guarded by a boy with a bent bow; who, when Gerbert's servant stole a
golden knife, shot an arrow at that carbuncle, and all was darkness, and
yells of demons.

All this Torfrida had read; and read, too, how Gerbert's brazen head had
told him that he should be Pope, and not die till he had sung mass at
Jerusalem; and how both had come true,--the latter in mockery; for he was
stricken with deadly sickness in Rome, as he sang mass at the church
called Jerusalem, and died horribly, tearing himself in pieces.

Which terrible warning had as little effect on Torfrida as other terrible
warnings have on young folk, who are minded to eat of the fruit of the
tree of knowledge of good and evil.

So Torfrida beguiled her lonely life in that dull town, looking out over
dreary flats and muddy dikes, by a whole dream-world of fantastic
imaginations, and was ripe and ready for any wild deed which her wild
brain might suggest.

Pure she was all the while, generous and noble-hearted, and with a deep
and sincere longing--as one soul in ten thousand has--after knowledge for
its own sake; but ambitious exceedingly, and that not of monastic
sanctity. She laughed to scorn the notion of a nunnery; and laughed to
scorn equally the notion of marrying any knight, however much of a
prudhomme, whom she had yet seen. Her uncle and Marquis Baldwin could have
between them compelled her, as an orphan heiress, to marry whom they
liked. But Torfrida had as yet bullied the Abbot and coaxed the Count
successfully. Lances had been splintered, helmets split, and more than one
life lost in her honor; but she had only, as the best safeguard she could
devise, given some hint of encouragement to one Ascelin, a tall knight of
St. Valeri, the most renowned bully of those parts, by bestowing on him a
scrap of ribbon, and bidding him keep it against all comers. By this means
she insured the personal chastisement of all other youths who dared to
lift their eyes to her, while she by no means bound herself to her
spadassin of St. Valeri. It was all very brutal, but so was the time; and
what better could a poor lady do in days when no man's life or woman's
honor was safe, unless--as too many were forced to do--she retired into a
cloister, and got from the Church that peace which this world certainly
could not give, and, happily, dared not take away?

The arrival of Hereward and his men had of course stirred the great
current of her life, and indeed that of St. Omer, usually as stagnant as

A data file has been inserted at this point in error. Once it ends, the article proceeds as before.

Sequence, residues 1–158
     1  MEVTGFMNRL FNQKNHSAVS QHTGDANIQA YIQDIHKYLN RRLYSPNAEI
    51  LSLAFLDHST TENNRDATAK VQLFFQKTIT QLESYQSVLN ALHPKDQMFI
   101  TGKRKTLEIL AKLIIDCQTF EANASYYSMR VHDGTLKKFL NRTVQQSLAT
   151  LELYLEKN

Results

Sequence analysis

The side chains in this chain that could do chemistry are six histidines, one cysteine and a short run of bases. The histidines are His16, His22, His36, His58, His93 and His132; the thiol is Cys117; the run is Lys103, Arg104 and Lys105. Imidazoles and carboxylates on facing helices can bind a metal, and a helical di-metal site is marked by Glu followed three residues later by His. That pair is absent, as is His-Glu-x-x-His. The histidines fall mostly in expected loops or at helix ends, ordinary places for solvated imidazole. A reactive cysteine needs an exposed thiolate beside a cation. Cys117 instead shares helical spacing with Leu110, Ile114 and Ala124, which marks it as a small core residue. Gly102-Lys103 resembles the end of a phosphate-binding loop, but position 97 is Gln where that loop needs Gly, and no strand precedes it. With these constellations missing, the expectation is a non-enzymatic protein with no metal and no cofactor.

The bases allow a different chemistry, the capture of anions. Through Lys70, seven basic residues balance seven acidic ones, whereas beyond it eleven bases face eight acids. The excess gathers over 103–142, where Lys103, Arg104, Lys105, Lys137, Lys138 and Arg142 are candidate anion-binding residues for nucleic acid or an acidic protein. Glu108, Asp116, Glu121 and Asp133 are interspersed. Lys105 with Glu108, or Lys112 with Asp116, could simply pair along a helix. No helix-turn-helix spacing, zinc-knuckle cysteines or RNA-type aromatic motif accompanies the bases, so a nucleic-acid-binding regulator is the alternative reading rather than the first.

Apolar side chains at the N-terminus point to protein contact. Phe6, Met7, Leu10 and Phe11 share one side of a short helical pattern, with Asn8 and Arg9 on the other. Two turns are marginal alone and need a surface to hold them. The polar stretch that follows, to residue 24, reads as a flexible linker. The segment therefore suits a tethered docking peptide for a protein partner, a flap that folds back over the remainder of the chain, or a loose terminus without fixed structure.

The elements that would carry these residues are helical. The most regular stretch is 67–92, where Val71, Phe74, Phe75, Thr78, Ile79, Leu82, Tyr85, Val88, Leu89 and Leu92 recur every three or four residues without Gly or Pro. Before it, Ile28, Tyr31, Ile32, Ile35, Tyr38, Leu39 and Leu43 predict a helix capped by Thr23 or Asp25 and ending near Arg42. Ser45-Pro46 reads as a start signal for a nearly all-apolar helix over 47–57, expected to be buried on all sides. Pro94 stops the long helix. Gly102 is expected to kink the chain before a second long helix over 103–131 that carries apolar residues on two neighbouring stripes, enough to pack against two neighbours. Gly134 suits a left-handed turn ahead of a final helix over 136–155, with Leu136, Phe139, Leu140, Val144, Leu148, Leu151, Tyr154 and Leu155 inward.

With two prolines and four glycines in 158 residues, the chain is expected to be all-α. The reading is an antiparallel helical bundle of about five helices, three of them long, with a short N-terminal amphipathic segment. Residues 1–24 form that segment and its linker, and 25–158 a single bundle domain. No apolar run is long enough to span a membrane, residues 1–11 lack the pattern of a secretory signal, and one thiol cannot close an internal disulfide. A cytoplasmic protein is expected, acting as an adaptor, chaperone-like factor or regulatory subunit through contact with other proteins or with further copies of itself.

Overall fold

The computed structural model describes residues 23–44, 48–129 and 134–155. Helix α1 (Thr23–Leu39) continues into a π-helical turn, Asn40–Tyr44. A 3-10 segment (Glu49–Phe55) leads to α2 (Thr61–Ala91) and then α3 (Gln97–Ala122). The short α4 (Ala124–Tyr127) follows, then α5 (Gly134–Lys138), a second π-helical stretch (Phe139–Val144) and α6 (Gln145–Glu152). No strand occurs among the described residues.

that of the dikes round its wall. Who the unknown champion was,--for his
name of "Naemansson" showed that he was concealing something at
least,--whence he had come, and what had been his previous exploits,
busied all the gossips of the town. Would he and his men rise and plunder
the abbey? Was not the chatelain mad in leaving young Arnulf with him all
day? Madder still, in taking him out to battle against the Count of
Guisnes? He might be a spy,--the _avant-courrier_ of some great
invading force. He was come to spy out the nakedness of the land, and
would shortly vanish, to return with Harold Hardraade of Norway, or Sweyn
of Denmark, and all their hosts. Nay, was he not Harold Hardraade himself
in disguise? And so forth. All which Torfrida heard, and thought within
herself that, be he who he might, she should like to look on him again.

Then came the news how the very first day that he had gone out against the
Count of Guisnes he had gallantly rescued a wounded man. A day or two
after came fresh news of some doughty deed; and then another, and another.
And when Hereward returned, after a week's victorious fighting, all St.
Omer was in the street to stare at him.

Then Torfrida heard enough, and, had it been possible, more than enough,
of Hereward and his prowess.

And when they came riding in, the great Marquis at the head of them all,
with Robert le Frison on one side of him, and on the other Hereward,
looking "as fresh as flowers in May," she looked down on him out of her
little lattice in the gable, and loved him, once and for all, with all her
heart and soul.

And Hereward looked up at her and her dark blue eyes and dark raven locks,
and thought her the fairest thing that he had ever seen, and asked who she
might be, and heard; and as he heard he forgot all about the Sultan's
daughter, and the Princess of Constantinople, and the Fairy of
Brocheliaunde, and all the other pretty birds which were still in the bush
about the wide world; and thought for many a day of naught but the pretty
bird which he held--so conceited was he of his own powers of winning
her--there safe in hand in St. Omer.

So he cast about to see her, and to win her love. And she cast about to
see him, and win his love. But neither saw the other for a while; and it
might have been better for one of them had they never seen the other
again.

If Torfrida could have foreseen, and foreseen, and foreseen----why, if she
were true woman, she would have done exactly what she did, and taken the
bitter with the sweet, the unknown with the known, as we all must do in
life, unless we wish to live and die alone.

CHAPTER IX.

HOW HEREWARD WENT TO THE WAR IN SCALDMARILAND.

It has been shown how the Count of Guisnes had been a thorn in the side of
Baldwin of Lille, and how that thorn was drawn out by Hereward. But a far